'map San Diego'
      You can also search a zip code to get a map of that area:

    Tuesday, November 06, 2007

    A Visual Internet Search Engine

    Tired of sifting through text to get what you want from search engines? Well PageBull is offering visual searches. This means when you search for something the results are displayed with images.

    The sites they find will appear in thumbnails across the screen.

    You simply click on the image that looks best.

    So, if you hate looking at results in list format, maybe you should give PageBull a try. It is an innovative approach to improving the search engine user experience on the Web

    Monday, November 05, 2007

    Top Shelf

    by Patty Torres and Karen Smith, SWC Librarians

    Book Selection
    Encyclopedia of Death and Dying
    Edited by Glennys Howarth and Oliver Leaman
    Call# Reference HQ 1073 E543 2002

    In keeping with the spirit of Halloween and “All Saints’ Day” I picked this title. This is a single volume encyclopedia with entries on all aspects of death and dying. It is arranged alphabetically by subject with both short and lengthy entries. There are some biographical entries as well. Tables and figures accompany some entries.

    One can read up on such topics as the “black plague”, “bodysnatchers”, and of course on “Halloween” and “All Saints’ Day”. It also provides some peculiar entries, like “Death by Chocolate”. What is that? It’s “the name of a dessert…generally very high in cholesterol and contains generous amounts of chocolate”.

    Entries provide sources for further reading and cross-referencing.

    Website Selection
    U.S. Green Building Council

    Everyone is claiming to be going green these days. Developers of new construction talk about green building, green roofs, LEED certification. What does green building really mean? Take a look at the U.S. Green Building Council’s site and find out the standards of green-ness for homes, for schools, for retail establishments, and so on.

    Friday, November 02, 2007

    This Week in CQ Researcher

    Mortgage Crisis by Marcia Clemmitt, November 2, 2007.

    Should the government bail out borrowers in trouble?

    More than 2 million borrowers will lose their homes to foreclosure because of subprime mortgage lending in recent years. With the housing market booming, lenders enticed many lower-income people into buying homes they couldn't afford by offering adjustable-rate mortgages (ARMs) with temptingly low initial teaser interest rates. Many loans didn't require down payments or documented proof of income.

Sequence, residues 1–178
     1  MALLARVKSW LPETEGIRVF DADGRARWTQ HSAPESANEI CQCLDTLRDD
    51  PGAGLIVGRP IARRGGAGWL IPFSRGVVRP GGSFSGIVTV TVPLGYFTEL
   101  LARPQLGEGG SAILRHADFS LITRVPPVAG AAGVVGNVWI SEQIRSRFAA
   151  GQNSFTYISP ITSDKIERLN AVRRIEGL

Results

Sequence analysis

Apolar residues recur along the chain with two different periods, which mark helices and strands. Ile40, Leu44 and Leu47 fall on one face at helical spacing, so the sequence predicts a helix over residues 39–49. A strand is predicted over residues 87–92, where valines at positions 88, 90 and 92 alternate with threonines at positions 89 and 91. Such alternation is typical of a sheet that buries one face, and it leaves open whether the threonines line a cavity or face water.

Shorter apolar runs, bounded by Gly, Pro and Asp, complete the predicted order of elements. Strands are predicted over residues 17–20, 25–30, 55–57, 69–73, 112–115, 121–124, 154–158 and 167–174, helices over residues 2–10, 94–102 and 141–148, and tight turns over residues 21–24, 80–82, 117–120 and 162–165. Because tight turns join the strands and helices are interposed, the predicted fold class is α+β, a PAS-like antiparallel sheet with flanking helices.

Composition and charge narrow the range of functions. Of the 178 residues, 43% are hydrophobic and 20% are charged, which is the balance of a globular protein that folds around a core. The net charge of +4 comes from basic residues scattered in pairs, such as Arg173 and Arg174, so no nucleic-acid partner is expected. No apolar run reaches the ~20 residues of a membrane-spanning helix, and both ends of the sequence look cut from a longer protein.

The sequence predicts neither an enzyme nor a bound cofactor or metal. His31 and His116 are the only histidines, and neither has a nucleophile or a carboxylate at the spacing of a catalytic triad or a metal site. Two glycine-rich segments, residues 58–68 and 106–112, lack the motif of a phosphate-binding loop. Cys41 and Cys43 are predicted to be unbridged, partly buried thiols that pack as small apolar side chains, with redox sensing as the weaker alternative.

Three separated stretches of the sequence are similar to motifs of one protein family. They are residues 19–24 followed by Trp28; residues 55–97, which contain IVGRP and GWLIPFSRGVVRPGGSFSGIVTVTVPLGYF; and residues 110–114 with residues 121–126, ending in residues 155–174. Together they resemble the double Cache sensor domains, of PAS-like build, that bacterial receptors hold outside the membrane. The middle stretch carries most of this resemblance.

Congress and the Bush administration are debating how to help borrowers keep their homes and whether tough, new lending standards are warranted.

    • Should certain kinds of risky home loans be banned?
    • Should the government “bail out” borrowers caught in the mortgage meltdown?
    • Will the mortgage crisis trigger a larger financial crisis in the United States and elsewhere?

    To read this article and others visit our Articles and Databases webpage and click on CQ Researcher. Select the Access Off-Campus link for information on how to access this resource from off campus locations.

    Thursday, November 01, 2007

    New 24/7 Online Reference Service

    Have a question? Ask your librarian online.

    Students can now receive assistance from reference librarians at Southwestern College library even if they cannot visit the library in person. And the librarians are available anytime of the day or night.

    Anyone who needs help finding information may submit questions through the library’s web site . Questions are answered by librarians at Southwestern College library or by another academic librarian from another college or university participating in our worldwide network.

    We now provide reference over the Web in addition to the more traditional modes of phone, email, or in-person requests for information. Our reference service spans all hours of the day or night, whether or not the physical library is open. In fact, our library is never closed to people who need information – they just enter through a different door.

    Wednesday, October 31, 2007

    Top Shelf

    by Naomi Trapp Davis and Patty Torres, SWC Librarians

    Top Shelf is our weekly column where we highlight interesting reference books and websites. This week's website selection contains valuable information about last week's fires - be sure and take a look!

    Book Selection
    Photographic Atlas of the Body (Firefly Books, 2004)
    Reference QM 25 P46 2004

    Most of us don’t necessarily spend our free time pondering our hair follicles, or how food looks going through our small intestine. This book will fix that.

    After browsing through the full color pictures of cells, tissues, body systems, and the brain, you will never look at your eyelashes or fingernails the same way again. The pictures were taken using a variety of special imaging technologies including magnetic resonance imaging (MRI), tomography, thermograms, X-rays, microscopes, angiograms, and ultrasound. The results are educational, but mainly they are beautiful, enlightening, or just unusual. Each picture on its own is a miniature work of art.